Contributors to this thread:
Cementum Annuli accuracy…
I’m curious if anyone has sent a deer they 100% new the age of and harvested, and the number (age) was off quite a bit? I know, why would you send teeth in that you knew the age. I get it.
The reason I ask is I shot a buck last fall and the wear was almost down to the gum line on the lower jaw especially. And VERY worn on the top as well.
Many people chimed in and gave guesses from the jaw wear of the buck I shot. Most agreed it was at least 6.5 and some guesses were upwards to 10.5 yrs old.
I sent photos to a NE Oklahoma game warden that aged him at over 10 yrs old. He’s a graduate of Oklahoma State University and was top in his class at jaw/tooth aging. He’s aged A LOT of jaws/teeth over his career too. Now, I understand that’s not purely accurate either, but you’d think a guy that went to school and took classes for this would be close. Right? When I sent him the CA age result, his reply was “That’s BS.” And… “That deer would’ve had to been chomping on rocks his entire life.”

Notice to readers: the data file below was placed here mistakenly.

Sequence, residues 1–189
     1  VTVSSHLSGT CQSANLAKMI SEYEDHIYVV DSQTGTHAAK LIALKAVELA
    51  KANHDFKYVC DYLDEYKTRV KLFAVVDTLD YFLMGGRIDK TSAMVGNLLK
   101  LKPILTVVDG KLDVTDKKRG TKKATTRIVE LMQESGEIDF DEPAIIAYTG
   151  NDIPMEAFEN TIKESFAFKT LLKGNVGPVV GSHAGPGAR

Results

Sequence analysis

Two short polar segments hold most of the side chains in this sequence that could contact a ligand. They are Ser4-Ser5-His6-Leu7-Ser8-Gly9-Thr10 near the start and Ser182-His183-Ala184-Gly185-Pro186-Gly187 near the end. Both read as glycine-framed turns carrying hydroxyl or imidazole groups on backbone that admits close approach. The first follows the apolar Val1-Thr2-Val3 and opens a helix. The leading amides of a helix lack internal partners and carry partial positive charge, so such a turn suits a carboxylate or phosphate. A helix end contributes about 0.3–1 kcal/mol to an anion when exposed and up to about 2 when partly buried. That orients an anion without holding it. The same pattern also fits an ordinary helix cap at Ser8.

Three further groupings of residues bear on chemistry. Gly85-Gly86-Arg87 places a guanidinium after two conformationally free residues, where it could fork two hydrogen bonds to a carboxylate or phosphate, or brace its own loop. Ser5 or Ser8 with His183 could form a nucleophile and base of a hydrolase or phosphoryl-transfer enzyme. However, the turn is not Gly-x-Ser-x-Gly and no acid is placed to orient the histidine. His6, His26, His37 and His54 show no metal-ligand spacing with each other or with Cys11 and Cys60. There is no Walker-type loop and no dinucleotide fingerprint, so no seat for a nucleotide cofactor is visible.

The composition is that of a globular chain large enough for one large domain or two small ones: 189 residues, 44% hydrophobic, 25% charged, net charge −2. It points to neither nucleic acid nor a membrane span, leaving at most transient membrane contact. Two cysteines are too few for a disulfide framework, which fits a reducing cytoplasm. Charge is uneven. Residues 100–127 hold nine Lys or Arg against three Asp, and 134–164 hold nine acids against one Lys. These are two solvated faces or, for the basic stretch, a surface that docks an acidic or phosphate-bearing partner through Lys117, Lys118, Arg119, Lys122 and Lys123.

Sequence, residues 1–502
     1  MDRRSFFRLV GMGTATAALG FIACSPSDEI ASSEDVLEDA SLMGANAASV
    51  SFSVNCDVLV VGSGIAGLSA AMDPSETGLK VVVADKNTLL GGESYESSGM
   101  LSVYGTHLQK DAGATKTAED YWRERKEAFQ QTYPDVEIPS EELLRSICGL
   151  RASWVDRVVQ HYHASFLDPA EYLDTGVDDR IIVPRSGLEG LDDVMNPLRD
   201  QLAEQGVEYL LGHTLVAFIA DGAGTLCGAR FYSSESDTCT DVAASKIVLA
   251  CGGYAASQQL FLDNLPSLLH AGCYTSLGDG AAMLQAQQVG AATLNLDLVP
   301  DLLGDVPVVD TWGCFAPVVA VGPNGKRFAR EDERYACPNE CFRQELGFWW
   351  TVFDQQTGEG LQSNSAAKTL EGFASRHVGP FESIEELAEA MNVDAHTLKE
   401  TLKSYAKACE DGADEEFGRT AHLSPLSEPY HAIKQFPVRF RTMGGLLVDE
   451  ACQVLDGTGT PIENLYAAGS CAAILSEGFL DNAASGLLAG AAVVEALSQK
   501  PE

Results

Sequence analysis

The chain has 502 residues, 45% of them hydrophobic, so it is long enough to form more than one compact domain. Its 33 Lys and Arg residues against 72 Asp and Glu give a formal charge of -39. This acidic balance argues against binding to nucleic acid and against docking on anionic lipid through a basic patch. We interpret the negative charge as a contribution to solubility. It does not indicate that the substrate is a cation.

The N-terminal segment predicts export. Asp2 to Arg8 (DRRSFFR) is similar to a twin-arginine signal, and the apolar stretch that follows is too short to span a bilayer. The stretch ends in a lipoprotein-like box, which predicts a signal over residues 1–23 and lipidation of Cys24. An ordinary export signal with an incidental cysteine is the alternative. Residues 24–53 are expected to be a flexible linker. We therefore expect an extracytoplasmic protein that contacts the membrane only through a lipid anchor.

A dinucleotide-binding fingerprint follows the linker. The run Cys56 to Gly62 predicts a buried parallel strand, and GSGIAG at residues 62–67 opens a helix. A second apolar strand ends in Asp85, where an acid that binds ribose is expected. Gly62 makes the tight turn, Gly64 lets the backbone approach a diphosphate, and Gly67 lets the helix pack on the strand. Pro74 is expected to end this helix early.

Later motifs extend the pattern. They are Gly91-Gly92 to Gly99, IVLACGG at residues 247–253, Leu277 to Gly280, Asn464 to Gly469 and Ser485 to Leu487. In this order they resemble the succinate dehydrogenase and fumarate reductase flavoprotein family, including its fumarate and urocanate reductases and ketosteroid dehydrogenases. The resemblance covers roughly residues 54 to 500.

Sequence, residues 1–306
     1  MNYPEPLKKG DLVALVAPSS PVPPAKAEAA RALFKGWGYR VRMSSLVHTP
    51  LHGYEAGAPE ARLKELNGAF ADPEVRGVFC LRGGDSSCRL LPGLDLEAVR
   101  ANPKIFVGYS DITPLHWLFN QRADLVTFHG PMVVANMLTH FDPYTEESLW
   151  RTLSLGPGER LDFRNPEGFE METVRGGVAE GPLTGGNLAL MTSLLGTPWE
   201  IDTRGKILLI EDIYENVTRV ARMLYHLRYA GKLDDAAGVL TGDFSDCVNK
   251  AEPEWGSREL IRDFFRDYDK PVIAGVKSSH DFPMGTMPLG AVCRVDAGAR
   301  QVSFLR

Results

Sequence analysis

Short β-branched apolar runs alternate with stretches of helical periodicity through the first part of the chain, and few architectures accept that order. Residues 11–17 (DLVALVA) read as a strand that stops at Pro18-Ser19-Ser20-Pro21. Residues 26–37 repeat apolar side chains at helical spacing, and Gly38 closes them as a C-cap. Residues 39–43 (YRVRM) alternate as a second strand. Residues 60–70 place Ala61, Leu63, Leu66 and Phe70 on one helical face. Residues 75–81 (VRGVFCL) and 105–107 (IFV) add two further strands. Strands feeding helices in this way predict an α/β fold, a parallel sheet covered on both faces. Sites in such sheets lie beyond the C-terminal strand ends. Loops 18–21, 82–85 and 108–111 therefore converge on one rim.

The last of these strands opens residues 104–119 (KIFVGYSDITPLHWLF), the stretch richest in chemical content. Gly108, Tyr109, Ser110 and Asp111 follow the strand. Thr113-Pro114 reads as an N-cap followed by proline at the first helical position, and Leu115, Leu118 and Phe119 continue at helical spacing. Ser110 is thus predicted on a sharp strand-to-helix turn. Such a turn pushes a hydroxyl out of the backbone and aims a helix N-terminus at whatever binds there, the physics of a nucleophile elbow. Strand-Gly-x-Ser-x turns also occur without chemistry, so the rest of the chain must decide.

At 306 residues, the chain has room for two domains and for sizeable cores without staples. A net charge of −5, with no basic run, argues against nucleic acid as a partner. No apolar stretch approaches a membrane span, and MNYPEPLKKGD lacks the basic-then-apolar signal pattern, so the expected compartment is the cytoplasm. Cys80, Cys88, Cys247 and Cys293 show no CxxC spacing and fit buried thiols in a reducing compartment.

Well, the deer in question came back at 5.5 yrs old. In the end, I’m not upset, just curious to what others think of the accuracy of Cementum Annuli process and if you’ve had some results come back way off. Also, I realize it’s not the end all. Just throwing out for conversation.
I’ll attach the thread from last fall that has pics of the jaw and some guesses from Bowsite individuals.
Here’s the link that shows pics of the jaw bone of the buck described above.
Now… there is the possibility that he might have had a jaw break or issue which changed his normal bite and prematurely wore his teeth. Definitely a possibility as talked about in the other thread.
In all honesty unless you positively know the birth date as a fawn, you won't truly know, but you'd think the Cementum Annuli technology would be the most accurate...
Teeth wear varies upon health of the animal, age and very importantly the amount of grit the animal chews while feeding, and after 4 year of age its hard to determine by tooth wear....